What is turning out to be a season they’ll never forget is underway for the Sooke Squirt B fastball squad.
When head coach Len Sudlow accepted an invitation to drop by the Sooke News Mirror last week the team of 11 and 12-year-old girls was sporting a record of 17 wins and three ties – a tremendous achievement whatever the level or sport happens to be.
This is one of those situations where the chemistry just happens to be there along with several other important commodities like motivation, confidence, effort and talent.
Though Len would likely be quick to deflect any such suggestion, it’s fairly plain to see that the crew is also benefitting from decent coaching from the trio of Sudlow, Bruce Cumming and Mike McLean.
Len says the team is hoping to get in up to 40 games before calling it a season, and if things continue as they have to this point it’ll be a workload no one will complain about.
The way things work in the girls’ squirt-B level, 14 games are scheduled as league play while participation in various tournaments is arranged along the way. By the halfway point last week the Sooke girls had been rewarded with outstanding results in three tournaments, including a Ladner event mentioned in last week’s issue of the Sooke News Mirror.
The girls earned a similar result in a weather-cancelled tourney in View Royal the weekend before last, winning the three games they managed to complete. It was the same story this past weekend as the team kept its record unblemished by losses, with three more wins.
As is so often the case in minor athletics, familiarity breeds cohesion and a lot of the Sooke squirts have been calling each other teammates since playing at the “mite” level. By now the techniques are becoming more finely honed, the overall maturing process is making for some very good ball players.
The fact that Sooke seems to produce more than its share of quality fastball players has been well documented, but a legitimate reason for the phenomenon has not been universally accepted. A glance at the records over the past number of years demonstrates the success is far more than coincidental.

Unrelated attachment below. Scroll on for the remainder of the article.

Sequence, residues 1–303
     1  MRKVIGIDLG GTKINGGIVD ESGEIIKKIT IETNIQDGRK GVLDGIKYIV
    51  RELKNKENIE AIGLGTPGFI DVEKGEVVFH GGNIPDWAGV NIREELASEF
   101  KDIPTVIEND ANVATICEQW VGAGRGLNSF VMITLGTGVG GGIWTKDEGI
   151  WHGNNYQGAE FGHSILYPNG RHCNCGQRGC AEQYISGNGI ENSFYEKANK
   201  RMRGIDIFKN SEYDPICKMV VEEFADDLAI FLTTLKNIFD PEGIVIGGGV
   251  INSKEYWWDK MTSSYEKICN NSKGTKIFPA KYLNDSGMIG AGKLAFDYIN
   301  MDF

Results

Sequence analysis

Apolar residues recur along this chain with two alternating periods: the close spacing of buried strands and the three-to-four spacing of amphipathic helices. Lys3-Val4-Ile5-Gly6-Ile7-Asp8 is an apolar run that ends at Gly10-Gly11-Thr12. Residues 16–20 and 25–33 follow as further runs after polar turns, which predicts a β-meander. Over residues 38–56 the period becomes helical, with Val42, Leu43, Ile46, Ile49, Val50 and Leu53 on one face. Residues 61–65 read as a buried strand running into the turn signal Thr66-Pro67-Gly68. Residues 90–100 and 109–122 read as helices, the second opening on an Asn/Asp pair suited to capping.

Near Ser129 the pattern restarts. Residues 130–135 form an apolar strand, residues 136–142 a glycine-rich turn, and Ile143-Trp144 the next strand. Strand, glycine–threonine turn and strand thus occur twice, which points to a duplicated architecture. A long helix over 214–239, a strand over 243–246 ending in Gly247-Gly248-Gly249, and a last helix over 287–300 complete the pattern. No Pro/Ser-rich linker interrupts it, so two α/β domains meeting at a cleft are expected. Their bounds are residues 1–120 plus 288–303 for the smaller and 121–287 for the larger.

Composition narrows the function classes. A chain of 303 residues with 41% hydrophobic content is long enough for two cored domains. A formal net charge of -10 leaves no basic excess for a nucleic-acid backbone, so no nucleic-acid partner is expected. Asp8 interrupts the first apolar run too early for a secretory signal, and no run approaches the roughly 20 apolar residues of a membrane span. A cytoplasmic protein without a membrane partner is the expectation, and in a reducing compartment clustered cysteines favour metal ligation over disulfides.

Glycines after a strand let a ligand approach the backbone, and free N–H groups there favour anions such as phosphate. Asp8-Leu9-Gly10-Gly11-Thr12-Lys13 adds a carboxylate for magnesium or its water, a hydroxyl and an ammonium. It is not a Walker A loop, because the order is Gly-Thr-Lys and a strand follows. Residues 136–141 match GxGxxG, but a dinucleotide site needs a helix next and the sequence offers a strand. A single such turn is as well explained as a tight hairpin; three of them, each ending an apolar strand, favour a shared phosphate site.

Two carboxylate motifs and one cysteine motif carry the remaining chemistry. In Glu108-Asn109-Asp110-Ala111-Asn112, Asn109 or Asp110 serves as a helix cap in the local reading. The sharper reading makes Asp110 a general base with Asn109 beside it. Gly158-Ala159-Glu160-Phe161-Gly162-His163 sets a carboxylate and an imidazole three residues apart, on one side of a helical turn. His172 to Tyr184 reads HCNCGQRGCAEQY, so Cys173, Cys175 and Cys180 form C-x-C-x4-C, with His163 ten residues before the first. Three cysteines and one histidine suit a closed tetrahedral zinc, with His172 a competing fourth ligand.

The records for male and female ball teams are outstanding, with many regional, provincial and even national achievements being piled up.
“I started when I was in grade two, so this is my fifth year,” said Riley McLean just ahead of a Saturday game versus Langford.
Riley showed that she’s not overly preoccupied with stats, indicating that as far as she was aware the team was doing pretty good. She said a highlight so far was beating a team from Vancouver a couple of weeks back in a tournament final.
“They didn’t know our name,” said Riley who plays first base, “they said, ‘Suck.’” Chances are they’ll get it right next time.
Mariyah Dunn-Jones is a pitcher/shortstop and was inspired to follow in her brother’s footsteps as a ball player.
“I’m excited,” said Mariyah about the team’s next trip to the mainland in a couple of weeks. For a season highlight she picked the same narrow win over the team from Vancouver.
These girls and their teammates are continuing a trend and could do so at every level they stay together for.
“I don’t know where it comes from,” said Len. “Some of the best (fastball) players in Canada have come from Sooke.”
The coaches and the 12 members of the team will be looking to make a worthy impression in their next big adventure – their early June trip to Softball City in South Surrey – the sport’s provincial Mecca, but first, the annual Finn Kennedy tournament this weekend in Sooke, with a total of six teams competing on the “B” side.
“What we preach is for the girls to be aware of where their strengths lie,” said the coach, “and do their very best with them. The girls are awesome and so are their parents.”